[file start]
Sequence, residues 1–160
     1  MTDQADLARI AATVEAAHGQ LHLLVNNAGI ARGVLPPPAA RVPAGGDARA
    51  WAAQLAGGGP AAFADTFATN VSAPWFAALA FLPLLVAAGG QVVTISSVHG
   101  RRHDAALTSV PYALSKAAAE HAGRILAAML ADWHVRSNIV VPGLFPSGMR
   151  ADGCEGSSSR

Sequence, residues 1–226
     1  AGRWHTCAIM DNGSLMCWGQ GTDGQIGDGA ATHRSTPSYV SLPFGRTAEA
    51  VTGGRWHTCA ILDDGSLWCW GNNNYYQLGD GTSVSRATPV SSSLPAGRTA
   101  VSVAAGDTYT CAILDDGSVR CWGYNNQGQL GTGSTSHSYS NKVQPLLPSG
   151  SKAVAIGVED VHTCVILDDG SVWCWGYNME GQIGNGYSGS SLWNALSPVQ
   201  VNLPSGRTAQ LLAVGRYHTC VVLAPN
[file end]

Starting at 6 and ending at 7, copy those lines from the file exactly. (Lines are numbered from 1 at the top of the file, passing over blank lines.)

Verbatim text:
Sequence, residues 1–226
     1  AGRWHTCAIM DNGSLMCWGQ GTDGQIGDGA ATHRSTPSYV SLPFGRTAEA